The recent developments at Twitch have been marked by a significant Twitch layoff, as the platform owned by Amazon is set to reduce its workforce considerably. According to a Bloomberg report, Twitch is preparing to eliminate 35% of its workforce, translating to approximately 500 employees. This major reduction in staff is expected to be officially announced in the coming week.
What’s the story behind the latest Twitch layoff?
This Twitch layoff represents another challenging phase for the company, which has been grappling with multiple issues over the past year. These challenges include leadership transitions, escalating operational costs, and growing dissatisfaction within its community.
The company’s troubles were further compounded after Emmett Shear, a co-founder and the long-serving CEO of Twitch, passed on the leadership baton to the current CEO, Dan Clancy. Following this transition, Twitch underwent a significant reduction in staff, laying off around 400 employees.
Amazon’s decision to close down certain projects has also impacted Twitch. Last year, Amazon terminated 180 positions when it decided to shut down the Crown channel. This channel was an integral part of Amazon’s efforts on Twitch, focusing on programming specifically designed for the platform. Additionally, the closure of the Game Growth group, a division dedicated to assisting gaming creators in marketing themselves, was another blow to the Twitch community.
Continuing with the challenges faced by Twitch, the platform recently made a significant decision to cease operations in South Korea, a key player in the global esports market. This decision, as explained in a blog post by CEO Dan Clancy, was driven by the prohibitively high network fees in the region. Clancy highlighted that Twitch had been operating at a significant loss in South Korea, and that the company saw no viable path to sustain its services there profitably.
Despite its widespread popularity, which surged notably during the pandemic lockdowns, Twitch has struggled to achieve profitability. In an attempt to boost its financial performance, Twitch shifted its focus towards maximizing ad revenue. However, this strategy has been a source of friction between the platform and its users, including both viewers and streamers.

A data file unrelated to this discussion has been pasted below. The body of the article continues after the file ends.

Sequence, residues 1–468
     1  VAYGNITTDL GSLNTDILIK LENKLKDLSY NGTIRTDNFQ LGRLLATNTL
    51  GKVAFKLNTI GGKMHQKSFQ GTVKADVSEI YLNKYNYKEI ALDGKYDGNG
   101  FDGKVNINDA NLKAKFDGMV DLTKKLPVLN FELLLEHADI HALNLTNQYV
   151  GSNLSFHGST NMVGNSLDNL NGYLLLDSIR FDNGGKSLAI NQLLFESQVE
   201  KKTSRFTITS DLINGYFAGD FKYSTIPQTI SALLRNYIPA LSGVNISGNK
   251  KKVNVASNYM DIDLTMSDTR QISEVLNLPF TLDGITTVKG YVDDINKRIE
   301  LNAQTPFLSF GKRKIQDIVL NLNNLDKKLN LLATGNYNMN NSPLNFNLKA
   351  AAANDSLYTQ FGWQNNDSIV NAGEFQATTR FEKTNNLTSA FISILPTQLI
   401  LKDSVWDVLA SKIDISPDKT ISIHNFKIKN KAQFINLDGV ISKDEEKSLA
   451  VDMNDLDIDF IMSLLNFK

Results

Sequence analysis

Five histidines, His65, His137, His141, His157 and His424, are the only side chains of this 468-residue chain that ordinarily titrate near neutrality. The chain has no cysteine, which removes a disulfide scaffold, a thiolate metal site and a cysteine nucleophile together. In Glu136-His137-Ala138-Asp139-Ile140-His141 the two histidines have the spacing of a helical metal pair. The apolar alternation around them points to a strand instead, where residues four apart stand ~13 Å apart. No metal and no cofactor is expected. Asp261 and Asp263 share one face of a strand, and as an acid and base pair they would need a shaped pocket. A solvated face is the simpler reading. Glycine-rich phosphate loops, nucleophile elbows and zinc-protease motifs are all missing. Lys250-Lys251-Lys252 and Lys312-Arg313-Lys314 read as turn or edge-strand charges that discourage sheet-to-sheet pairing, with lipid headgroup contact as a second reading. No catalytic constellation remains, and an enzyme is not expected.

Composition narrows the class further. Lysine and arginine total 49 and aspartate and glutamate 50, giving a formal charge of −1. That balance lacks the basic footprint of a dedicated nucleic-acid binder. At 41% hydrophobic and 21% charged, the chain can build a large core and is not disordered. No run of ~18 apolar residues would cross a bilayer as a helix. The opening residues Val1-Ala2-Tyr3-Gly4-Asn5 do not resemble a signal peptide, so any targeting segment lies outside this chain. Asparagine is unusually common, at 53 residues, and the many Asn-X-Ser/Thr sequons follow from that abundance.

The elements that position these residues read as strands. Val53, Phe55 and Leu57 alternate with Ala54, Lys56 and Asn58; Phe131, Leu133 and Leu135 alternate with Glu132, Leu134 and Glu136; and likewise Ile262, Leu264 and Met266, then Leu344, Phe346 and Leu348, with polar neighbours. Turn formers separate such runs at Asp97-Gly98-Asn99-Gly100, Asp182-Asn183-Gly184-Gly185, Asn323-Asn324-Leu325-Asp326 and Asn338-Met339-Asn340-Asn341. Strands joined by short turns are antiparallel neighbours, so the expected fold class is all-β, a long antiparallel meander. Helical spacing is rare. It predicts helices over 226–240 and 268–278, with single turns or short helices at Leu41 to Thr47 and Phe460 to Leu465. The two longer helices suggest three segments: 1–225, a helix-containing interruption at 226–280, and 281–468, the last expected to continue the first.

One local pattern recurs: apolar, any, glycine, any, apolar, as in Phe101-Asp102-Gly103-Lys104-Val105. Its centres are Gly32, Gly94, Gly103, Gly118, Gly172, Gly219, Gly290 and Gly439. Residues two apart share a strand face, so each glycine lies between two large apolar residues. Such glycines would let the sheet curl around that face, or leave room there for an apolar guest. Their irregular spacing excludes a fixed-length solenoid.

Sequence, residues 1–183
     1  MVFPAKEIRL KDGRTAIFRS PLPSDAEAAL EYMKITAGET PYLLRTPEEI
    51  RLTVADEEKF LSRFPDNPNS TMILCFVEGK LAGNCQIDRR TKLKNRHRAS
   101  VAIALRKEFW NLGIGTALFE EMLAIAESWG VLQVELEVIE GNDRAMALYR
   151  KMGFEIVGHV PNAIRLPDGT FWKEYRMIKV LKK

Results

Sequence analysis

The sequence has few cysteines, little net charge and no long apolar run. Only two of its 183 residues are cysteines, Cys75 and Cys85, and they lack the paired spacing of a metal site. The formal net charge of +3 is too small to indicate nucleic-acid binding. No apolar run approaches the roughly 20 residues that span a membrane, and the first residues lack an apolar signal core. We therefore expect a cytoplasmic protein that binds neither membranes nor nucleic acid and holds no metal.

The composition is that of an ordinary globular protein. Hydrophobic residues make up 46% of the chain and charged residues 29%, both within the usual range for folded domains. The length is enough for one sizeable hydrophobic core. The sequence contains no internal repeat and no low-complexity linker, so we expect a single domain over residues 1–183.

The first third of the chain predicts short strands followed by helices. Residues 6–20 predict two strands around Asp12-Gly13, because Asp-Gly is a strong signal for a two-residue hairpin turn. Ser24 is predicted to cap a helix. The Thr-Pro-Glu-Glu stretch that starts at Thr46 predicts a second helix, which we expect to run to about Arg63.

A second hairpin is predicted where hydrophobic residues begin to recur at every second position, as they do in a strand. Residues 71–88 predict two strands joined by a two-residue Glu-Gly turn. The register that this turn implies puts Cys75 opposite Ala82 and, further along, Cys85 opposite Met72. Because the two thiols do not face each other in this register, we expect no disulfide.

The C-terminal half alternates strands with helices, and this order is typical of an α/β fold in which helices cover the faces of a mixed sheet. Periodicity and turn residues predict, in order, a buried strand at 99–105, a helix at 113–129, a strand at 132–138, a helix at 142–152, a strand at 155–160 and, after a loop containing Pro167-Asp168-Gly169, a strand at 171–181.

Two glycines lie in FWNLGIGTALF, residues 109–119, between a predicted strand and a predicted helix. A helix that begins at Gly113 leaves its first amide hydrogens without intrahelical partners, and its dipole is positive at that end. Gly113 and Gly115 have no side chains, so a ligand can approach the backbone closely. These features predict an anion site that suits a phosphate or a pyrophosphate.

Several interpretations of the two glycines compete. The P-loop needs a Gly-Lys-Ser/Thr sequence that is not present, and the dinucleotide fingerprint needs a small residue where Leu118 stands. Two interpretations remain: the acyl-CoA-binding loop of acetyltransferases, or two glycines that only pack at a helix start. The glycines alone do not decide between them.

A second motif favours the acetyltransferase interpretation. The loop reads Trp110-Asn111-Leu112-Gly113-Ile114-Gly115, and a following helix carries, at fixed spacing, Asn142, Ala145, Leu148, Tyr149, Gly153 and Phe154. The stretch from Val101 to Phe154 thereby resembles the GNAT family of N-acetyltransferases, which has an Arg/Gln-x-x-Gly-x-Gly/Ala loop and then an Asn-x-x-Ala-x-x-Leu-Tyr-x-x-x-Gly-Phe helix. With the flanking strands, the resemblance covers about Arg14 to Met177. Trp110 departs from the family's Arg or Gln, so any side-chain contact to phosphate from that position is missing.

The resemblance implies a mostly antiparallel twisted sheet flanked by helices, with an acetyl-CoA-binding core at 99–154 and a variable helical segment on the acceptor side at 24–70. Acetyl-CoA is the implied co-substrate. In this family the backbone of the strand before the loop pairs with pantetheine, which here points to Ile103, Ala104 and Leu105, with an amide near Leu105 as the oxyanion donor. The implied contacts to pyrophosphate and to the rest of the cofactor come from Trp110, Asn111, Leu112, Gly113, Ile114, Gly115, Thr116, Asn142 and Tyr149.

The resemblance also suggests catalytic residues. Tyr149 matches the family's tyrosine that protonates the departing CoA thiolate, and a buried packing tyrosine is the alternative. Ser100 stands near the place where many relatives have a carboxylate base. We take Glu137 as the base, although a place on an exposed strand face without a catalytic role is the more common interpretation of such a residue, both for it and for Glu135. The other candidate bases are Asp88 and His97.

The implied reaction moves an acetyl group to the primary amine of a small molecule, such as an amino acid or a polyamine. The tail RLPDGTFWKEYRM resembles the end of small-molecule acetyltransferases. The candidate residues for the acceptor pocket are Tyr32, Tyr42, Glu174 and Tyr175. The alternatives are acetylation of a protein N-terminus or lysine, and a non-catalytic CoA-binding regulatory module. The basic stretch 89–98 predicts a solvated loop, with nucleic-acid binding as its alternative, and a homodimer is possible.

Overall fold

According to Bloomberg, these efforts have not yielded the desired financial results, and Twitch remains unprofitable almost ten years after being acquired by Amazon. This ongoing struggle was further evidenced by the departure of several Twitch executives in December, including the chief revenue officer.
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One of the core challenges for Twitch is the substantial operating costs associated with supporting live streaming content at such a large scale.
In a 2022 blog post, CEO Dan Clancy shed light on the financial burdens of the platform, stating that each high-volume streamer on Twitch costs the company about $1,000 per month. This high cost is attributed to the rates of Amazon Web Services’ interactive video services.
Delivering high definition, low latency, always available live video to nearly every corner of the world is expensive. Using the published rates from Amazon Web Services’ Interactive Video Service (IVS) — which is essentially Twitch video — live video costs for a 100 CCU streamer who streams 200 hours a month are more than $1000 per month. We don’t typically talk about this because, frankly, you shouldn’t have to think about it. We’d rather you focus on doing what you do best. But to fully answer the question of “why not 70/30,” ignoring the high cost of delivering the Twitch service would have meant giving you an incomplete answer.
The Twitch layoff reflects broader economic challenges faced by digital platforms.
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